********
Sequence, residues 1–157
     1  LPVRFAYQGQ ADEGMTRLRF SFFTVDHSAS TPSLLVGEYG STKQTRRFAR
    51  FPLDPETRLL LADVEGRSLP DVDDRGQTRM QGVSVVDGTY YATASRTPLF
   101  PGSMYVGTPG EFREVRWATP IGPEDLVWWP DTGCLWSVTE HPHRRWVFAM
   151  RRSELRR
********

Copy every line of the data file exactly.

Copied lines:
Sequence, residues 1–157
     1  LPVRFAYQGQ ADEGMTRLRF SFFTVDHSAS TPSLLVGEYG STKQTRRFAR
    51  FPLDPETRLL LADVEGRSLP DVDDRGQTRM QGVSVVDGTY YATASRTPLF
   101  PGSMYVGTPG EFREVRWATP IGPEDLVWWP DTGCLWSVTE HPHRRWVFAM
   151  RRSELRR